Treating people with dignity and love is what’s important, says Gift of the Givers founder

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Founder of Gift of the Givers Foundation, Doctor Imtiaz Sooliman.
Founder of Gift of the Givers Foundation, Doctor Imtiaz Sooliman.

The Gift of the Givers founder, Doctor Imtiaz Sooliman, said it’s the simple things they do that often bring hope to people.

He said seeing the smiles, satisfaction and hope on people’s faces is what has kept him and his team going.

“It’s not even big things that we do; simple things bring people hope and you can see that they are extremely grateful,” said Sooliman.

Sooliman said every project they’ve done has been a memorable story. “Every place we’ve been to, people would say the green people have arrived and God answered their prayers. The contentment, gratitude and happiness you see on everyone’s face is always satisfying,” he said.

He added that another memorable moment was when they realised that farmers have faith in them. “When we were delivering food parcels to their workers, some of them would also ask for the parcels and that showed they trusted us and that we are approachable to people in need,” said Sooliman.

He said that the most important thing they’ve done as a foundation is to build relations across race and religion, create social-cohesion and treat people with dignity and love.

“It’s that kind of message that we want to get across, which is spirituality, promoting ethics, winning people’s hearts, giving them hope, providing them with dignity and making them feel they are not forgotten, but are loved and special,” he said.

He added that they’ve been to many places throughout the world and people have been happy to see them.

“We see people saying that if outsiders can come and help them then they can also help themselves.”
Gift of the Givers founder Imtiaz Sooliman

“You’d see there’s hope, and they get the sense that they are not forgotten,” said Sooliman.

He added that this is the kind of legacy they leave behind in the places they go to.

“We see people saying that if outsiders can come and help them then they can also help themselves,” he said narrating a story about a visit to the Philippines.

He said they went to an island where no one had been to help and people there had lost hope because their one hospital was being closed after being destroyed.

He said while they were busy fixing the hospital, people around them started fixing their homes as well.

Sooliman started Gift of the Givers Foundation in 1992 after receiving a spiritual message.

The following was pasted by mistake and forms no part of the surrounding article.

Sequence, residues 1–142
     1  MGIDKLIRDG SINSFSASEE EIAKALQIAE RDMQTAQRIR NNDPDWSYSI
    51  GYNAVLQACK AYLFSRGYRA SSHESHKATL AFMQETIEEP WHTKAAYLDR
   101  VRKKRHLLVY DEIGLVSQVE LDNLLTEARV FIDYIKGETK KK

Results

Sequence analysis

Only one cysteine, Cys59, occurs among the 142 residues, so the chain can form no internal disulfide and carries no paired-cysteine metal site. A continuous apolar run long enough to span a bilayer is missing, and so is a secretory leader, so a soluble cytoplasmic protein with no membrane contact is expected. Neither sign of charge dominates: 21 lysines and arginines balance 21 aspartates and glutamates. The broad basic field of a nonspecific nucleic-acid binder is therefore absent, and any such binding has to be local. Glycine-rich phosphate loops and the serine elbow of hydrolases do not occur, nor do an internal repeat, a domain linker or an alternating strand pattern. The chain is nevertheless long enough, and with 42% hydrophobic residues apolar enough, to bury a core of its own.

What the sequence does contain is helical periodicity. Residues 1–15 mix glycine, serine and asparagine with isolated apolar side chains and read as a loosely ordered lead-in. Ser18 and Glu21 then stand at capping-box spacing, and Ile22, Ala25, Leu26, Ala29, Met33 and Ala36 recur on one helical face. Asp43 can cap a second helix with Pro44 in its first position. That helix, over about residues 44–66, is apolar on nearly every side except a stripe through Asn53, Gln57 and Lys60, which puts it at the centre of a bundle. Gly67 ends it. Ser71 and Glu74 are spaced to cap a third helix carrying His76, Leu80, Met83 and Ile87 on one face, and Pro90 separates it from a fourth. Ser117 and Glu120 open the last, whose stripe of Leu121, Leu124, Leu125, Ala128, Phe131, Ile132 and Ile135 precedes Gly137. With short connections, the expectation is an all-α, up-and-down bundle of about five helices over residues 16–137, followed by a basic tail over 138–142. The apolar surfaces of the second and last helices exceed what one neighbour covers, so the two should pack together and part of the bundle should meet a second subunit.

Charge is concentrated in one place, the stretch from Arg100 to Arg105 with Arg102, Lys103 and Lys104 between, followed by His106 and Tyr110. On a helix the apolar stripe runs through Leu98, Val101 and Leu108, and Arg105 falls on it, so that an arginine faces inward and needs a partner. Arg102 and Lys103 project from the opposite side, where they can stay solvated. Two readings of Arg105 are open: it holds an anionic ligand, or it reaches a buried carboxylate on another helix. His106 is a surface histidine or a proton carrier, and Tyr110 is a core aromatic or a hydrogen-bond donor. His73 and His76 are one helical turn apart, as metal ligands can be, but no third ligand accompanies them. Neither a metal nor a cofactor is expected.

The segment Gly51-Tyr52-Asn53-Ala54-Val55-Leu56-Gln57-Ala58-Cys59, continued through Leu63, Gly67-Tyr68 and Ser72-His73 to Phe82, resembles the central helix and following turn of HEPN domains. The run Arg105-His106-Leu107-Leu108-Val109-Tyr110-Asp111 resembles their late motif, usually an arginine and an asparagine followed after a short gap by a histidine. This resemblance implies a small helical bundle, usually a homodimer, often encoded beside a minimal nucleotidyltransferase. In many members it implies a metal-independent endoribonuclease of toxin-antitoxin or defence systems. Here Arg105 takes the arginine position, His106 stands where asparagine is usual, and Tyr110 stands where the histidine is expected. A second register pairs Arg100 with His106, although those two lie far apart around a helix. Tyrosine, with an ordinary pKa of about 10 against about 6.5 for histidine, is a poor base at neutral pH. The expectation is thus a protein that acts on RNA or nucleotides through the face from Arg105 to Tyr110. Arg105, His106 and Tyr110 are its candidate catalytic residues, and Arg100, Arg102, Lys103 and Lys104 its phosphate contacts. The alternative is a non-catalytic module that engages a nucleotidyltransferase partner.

He gave up his career as a medical doctor when he couldn’t always be there for his patients.

“My wife closed the surgeries when I was oversees. She said it wasn’t working because the patients did not want to see anyone else,” he said.

He added, however, that he misses practising as a doctor and sometimes wants to work in hospitals but there is no time.

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“I work 24/7 every day of the year. I don’t care about the holidays because sometimes even a small intervention can make a big difference to people,” he said, emphasising that he will never stop working for Gift of the Givers. “If I stop doing what I am doing, I’ll die faster.”

Sooliman said that creating Gift of the Givers was a spiritual instruction that he committed himself to and he will never turn back because he loves what he does.

“It’s so spiritually uplifting and soul satisfying. I believe me or my family could have been on the other side and I’d expect someone to help me,” he said.

Sooliman was recently presented with the Social Justice Champion Award from Professor Thuli Madonsela. He said having Madonsela passing the award to him was meaningful. “She stands for values, ethics, morality and social justice,” said Sooliman.

The University of KwaZulu-Natal, where he studied, also recognised him with an alumni award when the university was honouring its medical alumni legends. The idea was to celebrate the alumni while they are still alive.

“The business rescue project has helped save a number of jobs.”
Imtiaz Sooliman

Since the Covid-19 pandemic, Gift of the Givers has been helping people throughout the country.

Sooliman said that for the past two years, they’ve been supporting hospitals with personal protective equipment, Cpap machines and oxygen machines, among many other things.

Sooliman said whenever there’s a call for their services, they have to be available.

They’ve handed out over 500 000 food parcels since Covid-19 broke out and during the July unrest.

They also supported businesses that were hit during the unrest. “The business rescue project has helped save a number of jobs,” he said.

Sooliman said serving people fulfils his commitment to his spiritual teacher and that’s all he wants.

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